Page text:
This paper found excessive inflammatory cytokines in dead autistic brains and Orac and Choir responds….

Hey, you got controls but your sample is ridiculously small. What a dumb t-test you have there. So what if there is excessive inflammatory cytokines in autistic brains, how do we know it’s coming from vaccines? Maybe it’s the genetics of autism causing the inflammation.

Anderson et al, 2019 also finds evidence of inflammatory ‘cuffing’ and also evidence of actual brain cells getting destroyed, and one of Orac’s Choir member, Athaic, responds…..

Hey, ok ok, so your sample size is impressive and you do have controls, but, again, how do we know that it’s vaccines causing the inflammation? It could be genetic, with autism triggering the inflammation.

https://eurekalert.org/pub_releases/2019-10/bidm-sfe101719.php

Sing along now everyone! ‘Let’s go shilling! Everybody goes shilling! Shilling in the U-S-A!’

What ‘takedown’ Julian? It’s the same desperate pattern of attempting to deflect by throwing BS against the wall and hoping it will stick.

In other words, you don’t understand what this study is about ergo, don’t understand Orac’s reasoned explanation for why it shouldn’t be weaponised by anti-vaxxers.

Exley et al found excessive amount of aluminium in dead autistic brains and even exceeding previous finding for ALS and Orac and Choir responds….

Except he didn’t. You can’t claim “excessive” when there was no comparison. Additionally, his methods were so shoddy, it’s not taken seriously by other scientists. Not that you can understand that either and just wave it off as conspiracy or shilling. How lazy and pathetic.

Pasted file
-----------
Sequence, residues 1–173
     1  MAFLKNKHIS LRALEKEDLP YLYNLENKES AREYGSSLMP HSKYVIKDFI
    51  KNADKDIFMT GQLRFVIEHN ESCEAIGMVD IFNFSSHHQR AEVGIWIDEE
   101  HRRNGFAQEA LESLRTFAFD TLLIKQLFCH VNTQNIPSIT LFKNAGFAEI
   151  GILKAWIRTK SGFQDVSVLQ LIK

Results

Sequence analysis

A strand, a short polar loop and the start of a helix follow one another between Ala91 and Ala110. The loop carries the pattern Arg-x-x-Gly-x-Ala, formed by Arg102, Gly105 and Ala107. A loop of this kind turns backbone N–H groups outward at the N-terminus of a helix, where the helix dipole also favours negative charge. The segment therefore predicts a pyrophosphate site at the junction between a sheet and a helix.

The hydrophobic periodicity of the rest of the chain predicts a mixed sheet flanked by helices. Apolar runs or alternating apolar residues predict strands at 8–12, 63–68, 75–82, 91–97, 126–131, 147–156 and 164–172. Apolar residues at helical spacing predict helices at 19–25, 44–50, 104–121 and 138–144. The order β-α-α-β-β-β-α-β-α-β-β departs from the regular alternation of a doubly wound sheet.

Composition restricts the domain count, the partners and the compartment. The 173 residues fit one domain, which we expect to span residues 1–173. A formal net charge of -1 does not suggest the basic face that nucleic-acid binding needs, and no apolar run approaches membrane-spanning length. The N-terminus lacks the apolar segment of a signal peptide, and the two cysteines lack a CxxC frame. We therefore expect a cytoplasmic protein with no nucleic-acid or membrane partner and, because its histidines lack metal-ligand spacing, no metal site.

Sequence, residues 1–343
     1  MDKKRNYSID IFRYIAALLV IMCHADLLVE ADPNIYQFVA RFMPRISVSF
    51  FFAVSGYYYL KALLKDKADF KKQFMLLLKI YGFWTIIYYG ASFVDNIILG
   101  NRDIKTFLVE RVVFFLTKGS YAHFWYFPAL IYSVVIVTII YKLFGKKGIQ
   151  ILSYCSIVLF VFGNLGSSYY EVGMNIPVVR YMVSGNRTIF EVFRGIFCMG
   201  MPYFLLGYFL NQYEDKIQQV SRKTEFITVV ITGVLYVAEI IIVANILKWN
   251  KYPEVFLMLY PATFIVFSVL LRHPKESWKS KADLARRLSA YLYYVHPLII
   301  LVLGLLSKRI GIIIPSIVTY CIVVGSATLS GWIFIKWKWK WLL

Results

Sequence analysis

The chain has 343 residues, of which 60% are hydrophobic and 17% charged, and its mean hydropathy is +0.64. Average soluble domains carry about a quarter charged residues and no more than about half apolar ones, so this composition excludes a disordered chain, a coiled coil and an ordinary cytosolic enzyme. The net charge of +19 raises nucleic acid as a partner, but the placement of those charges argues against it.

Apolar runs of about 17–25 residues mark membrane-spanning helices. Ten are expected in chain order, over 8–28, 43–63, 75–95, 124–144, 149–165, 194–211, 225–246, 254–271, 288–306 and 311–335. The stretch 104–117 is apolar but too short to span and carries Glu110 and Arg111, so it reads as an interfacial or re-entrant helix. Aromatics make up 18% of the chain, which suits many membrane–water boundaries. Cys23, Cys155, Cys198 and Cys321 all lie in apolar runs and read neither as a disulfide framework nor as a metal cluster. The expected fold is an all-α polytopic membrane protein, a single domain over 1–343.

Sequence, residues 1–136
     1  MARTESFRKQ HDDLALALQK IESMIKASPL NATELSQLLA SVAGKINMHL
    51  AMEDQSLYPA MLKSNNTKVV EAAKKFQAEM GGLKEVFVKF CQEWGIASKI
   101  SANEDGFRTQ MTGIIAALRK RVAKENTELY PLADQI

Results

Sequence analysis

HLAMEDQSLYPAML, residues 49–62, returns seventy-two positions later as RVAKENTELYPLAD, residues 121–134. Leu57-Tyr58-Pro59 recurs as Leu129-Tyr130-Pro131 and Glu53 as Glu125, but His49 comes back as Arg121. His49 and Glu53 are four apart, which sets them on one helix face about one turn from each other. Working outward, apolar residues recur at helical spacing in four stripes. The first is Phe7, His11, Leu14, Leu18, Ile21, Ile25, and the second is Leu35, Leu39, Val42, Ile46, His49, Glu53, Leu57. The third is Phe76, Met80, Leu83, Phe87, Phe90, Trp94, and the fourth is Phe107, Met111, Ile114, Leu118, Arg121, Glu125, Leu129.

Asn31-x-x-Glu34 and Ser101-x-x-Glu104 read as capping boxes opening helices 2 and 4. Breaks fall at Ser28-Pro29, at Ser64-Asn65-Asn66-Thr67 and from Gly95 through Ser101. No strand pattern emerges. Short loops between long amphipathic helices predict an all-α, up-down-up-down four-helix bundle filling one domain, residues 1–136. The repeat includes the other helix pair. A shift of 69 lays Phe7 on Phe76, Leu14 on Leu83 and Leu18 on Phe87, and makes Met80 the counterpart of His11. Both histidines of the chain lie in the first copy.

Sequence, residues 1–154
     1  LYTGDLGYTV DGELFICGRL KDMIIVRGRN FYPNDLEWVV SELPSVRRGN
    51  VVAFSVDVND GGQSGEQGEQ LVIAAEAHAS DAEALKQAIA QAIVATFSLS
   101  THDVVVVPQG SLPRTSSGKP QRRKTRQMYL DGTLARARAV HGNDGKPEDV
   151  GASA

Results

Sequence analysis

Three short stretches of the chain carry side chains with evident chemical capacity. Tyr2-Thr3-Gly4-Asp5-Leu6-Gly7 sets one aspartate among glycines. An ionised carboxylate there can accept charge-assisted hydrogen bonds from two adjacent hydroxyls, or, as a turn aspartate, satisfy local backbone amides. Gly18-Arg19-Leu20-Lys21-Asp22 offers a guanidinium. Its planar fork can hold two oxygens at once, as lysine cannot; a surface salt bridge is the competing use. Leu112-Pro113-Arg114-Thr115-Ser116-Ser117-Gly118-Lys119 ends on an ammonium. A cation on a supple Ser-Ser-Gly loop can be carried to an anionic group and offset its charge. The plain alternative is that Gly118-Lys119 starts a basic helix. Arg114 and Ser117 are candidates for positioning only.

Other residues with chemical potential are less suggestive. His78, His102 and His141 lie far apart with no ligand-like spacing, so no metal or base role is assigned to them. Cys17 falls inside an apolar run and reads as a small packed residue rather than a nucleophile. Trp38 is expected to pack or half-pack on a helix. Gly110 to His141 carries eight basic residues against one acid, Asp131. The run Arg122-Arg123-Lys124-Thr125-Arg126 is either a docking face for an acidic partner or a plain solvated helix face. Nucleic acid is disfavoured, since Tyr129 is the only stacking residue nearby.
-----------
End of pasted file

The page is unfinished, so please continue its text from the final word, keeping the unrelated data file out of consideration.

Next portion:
I should have know you will be dishonest and distort what I wrote.

Actually, no. I knew it. I just don’t care.
I smell sour grapes. Did the articles you put in failed to have the expected bombshell effect?

Maybe it’s the genetics of autism causing the inflammation.

Aarno Syvänen downthread just put a reference going this way.
The articles you referenced say nothing implicating vaccines specifically.
Our position is logical. Yours isn’t.

There are a possibility genetic cytokine levels are high. Read my comment below. This would explain why epidemiological studies would find no connections.
As for Anderson paper, it is not published yet, so it cannot be evaluated.

Funny you should mention that paper. I’ve already read it. I was going to discuss it too in this post, but the post was getting too long and it was getting late last night…

A small paper with unconfirmed findings mixed with a whole lot of speculation won’t change that.

Indeed.

That won’t stop those who hear what they want to hear and disregard the rest.

…hear what they want to hear and disregard the rest… : )

There’s music to go with that lyric! (The Boxer)

In addition, what is neonatal cytokine profile of autistic people ? Google Scholar search “neonatal cytokine autism” gives some answers.
For instance,
Paula Krakowiak, Paula E Goines, Daniel J Tancredi, Paul Ashwood, Robin L Hansen, Irva Hertz-Picciotto, Judy van de Water
Neonatal Cytokine Profiles Associated With Autism
Biological Psychiatry, Volume 81, Issue 5, 2017, pages 442-451
One known cause of autism is interleukin gene mutations.